Diploma mills are not a new phenomenon. Reports suggest the business of diploma mills has been lucrative since the mid- to late 1800s, when colleges and universities made the ownership of a degree enviable, especially in medicine. Like now, as it was then, degrees are often necessary attachments to social and career advancement.
But when it comes to lax laws that govern diploma mills, the problem is the offensiveness of the offense. Stiff laws are traditionally put in place for criminals that commit violent acts. But when the incentive to commit a crime is curtailed by rigorous punishment, there are fewer criminals likely to take the risk.
Even if the legal system cranked up the punishment for diploma mills, there would likely be some public outrage over punishments that were too tough. The U.S. legal system continues to be just off-balance enough with crime and punishment that there are serious discrepancies between types of offenses and resulting punishments.
In a 2004 MSNBC article, writer Mary Egan argues that there are increasing numbers of white collar criminals—financial types, mostly—that are being slapped with lengthy jail sentences. She argues not necessarily against the punishment itself, but the difference between such punishments versus those for some drug dealers and other hardened criminals.
Fraud, the kind peddled by diploma mills, is considered a brand of white-collar crime. These types of crimes have included anything from petty insurance fraud to large Enron-level financial debacles. Regardless of the financial ruination a company like Enron brought down around scores of individuals, the attendant punishment is too much like a rap on the knuckles with a ruler. Why are the punishments typically mild? Because there was no measurable violence done, no physical scars, no one left dead, at least directly.
What is the criminal fallout from diploma mills? By some estimates the industry robs individuals of hundreds of millions of dollars a year. The growth of the business means that many more fake degrees and diplomas are putting students into colleges where they are unqualified to be, putting people into jobs for which they are unqualified, and generally chomping away like termites gone haywire at the academic foundation of higher education; all in all nothing barbarically horrific.
Take the argument one step farther though, to the level of “potential” harm and the situation gets stickier. Bogus degrees from mills can be had in almost any degree field including medicine and even nuclear engineering. In the hands of the wrong individuals, what kind of damage could these phony credentials potentially do?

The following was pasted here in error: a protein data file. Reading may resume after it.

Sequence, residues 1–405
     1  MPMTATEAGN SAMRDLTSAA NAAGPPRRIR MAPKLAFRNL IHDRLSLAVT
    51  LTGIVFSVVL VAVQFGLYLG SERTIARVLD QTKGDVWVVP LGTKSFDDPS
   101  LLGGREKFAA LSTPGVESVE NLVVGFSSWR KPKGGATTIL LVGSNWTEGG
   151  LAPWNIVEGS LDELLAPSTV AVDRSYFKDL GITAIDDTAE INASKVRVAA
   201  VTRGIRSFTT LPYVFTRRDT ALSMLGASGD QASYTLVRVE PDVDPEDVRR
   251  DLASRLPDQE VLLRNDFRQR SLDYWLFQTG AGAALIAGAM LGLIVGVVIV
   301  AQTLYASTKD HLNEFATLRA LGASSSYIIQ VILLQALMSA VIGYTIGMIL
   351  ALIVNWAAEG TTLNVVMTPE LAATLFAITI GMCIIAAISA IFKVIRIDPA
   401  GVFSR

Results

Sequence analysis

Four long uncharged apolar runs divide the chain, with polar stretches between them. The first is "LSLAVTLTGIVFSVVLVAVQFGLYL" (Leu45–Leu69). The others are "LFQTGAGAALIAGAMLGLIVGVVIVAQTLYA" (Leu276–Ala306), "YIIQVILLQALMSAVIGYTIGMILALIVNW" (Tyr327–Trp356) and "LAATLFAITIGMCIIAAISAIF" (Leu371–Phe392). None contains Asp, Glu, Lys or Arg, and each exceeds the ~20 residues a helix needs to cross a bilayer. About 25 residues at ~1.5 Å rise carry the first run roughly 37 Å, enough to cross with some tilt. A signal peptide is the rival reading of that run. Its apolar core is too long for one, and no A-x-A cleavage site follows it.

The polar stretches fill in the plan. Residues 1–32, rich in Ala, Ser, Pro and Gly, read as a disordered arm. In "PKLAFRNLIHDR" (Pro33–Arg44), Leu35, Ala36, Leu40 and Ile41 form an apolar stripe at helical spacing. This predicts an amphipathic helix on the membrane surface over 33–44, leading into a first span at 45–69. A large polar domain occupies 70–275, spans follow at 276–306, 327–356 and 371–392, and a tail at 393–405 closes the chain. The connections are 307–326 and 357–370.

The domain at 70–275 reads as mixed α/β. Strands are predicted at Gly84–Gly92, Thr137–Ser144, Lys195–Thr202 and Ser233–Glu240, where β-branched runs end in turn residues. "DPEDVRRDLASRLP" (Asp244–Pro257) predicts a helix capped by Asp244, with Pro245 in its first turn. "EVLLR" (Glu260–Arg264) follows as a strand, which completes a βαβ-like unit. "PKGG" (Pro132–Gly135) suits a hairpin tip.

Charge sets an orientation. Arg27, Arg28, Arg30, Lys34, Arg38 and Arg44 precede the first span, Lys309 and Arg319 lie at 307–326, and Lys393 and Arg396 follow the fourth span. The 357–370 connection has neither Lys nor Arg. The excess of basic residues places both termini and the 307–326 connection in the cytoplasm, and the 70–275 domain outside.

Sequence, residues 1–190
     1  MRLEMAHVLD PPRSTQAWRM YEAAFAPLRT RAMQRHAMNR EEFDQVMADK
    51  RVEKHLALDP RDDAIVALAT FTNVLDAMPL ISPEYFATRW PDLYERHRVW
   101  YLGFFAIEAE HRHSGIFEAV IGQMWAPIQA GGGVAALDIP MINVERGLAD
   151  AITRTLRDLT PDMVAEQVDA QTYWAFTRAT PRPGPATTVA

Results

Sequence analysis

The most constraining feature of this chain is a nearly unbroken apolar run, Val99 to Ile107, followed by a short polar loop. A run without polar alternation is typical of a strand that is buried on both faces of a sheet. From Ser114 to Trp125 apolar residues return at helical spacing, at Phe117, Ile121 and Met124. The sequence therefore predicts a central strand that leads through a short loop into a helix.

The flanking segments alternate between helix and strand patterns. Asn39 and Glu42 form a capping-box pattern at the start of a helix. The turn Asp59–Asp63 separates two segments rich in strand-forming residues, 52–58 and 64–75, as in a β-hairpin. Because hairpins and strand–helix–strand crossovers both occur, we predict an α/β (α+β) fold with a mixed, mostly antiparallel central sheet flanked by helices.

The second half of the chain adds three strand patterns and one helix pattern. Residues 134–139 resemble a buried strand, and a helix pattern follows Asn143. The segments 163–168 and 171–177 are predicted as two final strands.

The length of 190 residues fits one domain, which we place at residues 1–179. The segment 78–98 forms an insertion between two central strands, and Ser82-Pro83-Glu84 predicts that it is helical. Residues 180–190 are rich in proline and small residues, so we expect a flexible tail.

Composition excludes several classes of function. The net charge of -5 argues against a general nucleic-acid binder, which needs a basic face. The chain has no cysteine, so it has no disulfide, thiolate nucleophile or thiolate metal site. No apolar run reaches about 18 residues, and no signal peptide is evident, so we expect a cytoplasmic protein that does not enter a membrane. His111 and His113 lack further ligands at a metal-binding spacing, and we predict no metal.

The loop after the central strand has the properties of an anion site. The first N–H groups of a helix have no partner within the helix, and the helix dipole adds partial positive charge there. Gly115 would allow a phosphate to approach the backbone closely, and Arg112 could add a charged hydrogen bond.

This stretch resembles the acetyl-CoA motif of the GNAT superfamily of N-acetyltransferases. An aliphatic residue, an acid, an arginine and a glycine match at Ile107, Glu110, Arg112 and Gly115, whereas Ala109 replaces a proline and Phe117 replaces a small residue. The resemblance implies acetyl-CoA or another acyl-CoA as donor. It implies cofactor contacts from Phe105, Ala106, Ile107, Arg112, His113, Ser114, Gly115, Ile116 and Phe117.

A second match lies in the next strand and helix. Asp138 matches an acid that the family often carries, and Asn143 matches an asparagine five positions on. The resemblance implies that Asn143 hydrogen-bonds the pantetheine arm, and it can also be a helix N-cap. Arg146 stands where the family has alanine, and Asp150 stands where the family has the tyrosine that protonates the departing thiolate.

What about the individuals that use fake degrees to fluff their resumes?
Take the case of Laura Callahan. In 2004 she was relieved of her job as Deputy Chief Information Officer in the Department of Homeland Security when it was discovered she had “earned” a Bachelor’s, Master’s and Ph.D. from a known diploma mill: Hamilton University in Wyoming. She was not charged with any crime. In fact according to most accounts, she seemed surprised to learn that her degrees were essentially worthless. This was a woman who earned over six figures a year. She said the website claimed the university was accredited and she believed that meant legitimate.
The discovery of someone like Callahan in the upper echelons of the federal government, led to a subsequent investigation by the Government Accountability Office (GAO). Over 400 federal employees were discovered to have paid for degrees from one of a handful of alleged diploma mills polled for information. Given the fact that a couple of “institutions” failed to respond to the investigating committee’s request, chances are likely that number would be higher.
In his bestselling book, Freakonomics, economist Steven Levitt illustrates how many of the most convoluted issues of our time can be intricately connected to incentives, including moral, social, and economic incentives. For example, in response to the segment of society that reports on the high crime rate, he instead asks the opposite: “why isn’t there a lot more crime?”:
“every one of us regularly passes up opportunities to maim, steal, and defraud. The chance of going to jail…is certainly a strong incentive. But when it comes to crime, people also respond to moral incentives (they don’t want to do something they consider wrong).”1
If you consider that many people who currently hold degrees from diploma mills actually believe, like Laura Callahan, that they paid for something they actually earned, it’s a bit easier to see why the laws have not ripened quite yet. We are instead in the informational stages of the problem. Once the whole business of diploma mills and fake degrees has been thoroughly debunked and the moral information disseminated then stricter laws will likely be effected, especially for consumers.
The law as it deals with the counterfeiters themselves is likely to remain, like other punishments for white-collar crimes, unbalanced. Let’s face it; the criminals’ incentive, like that of drug dealers, is the potential to earn vast amounts of money.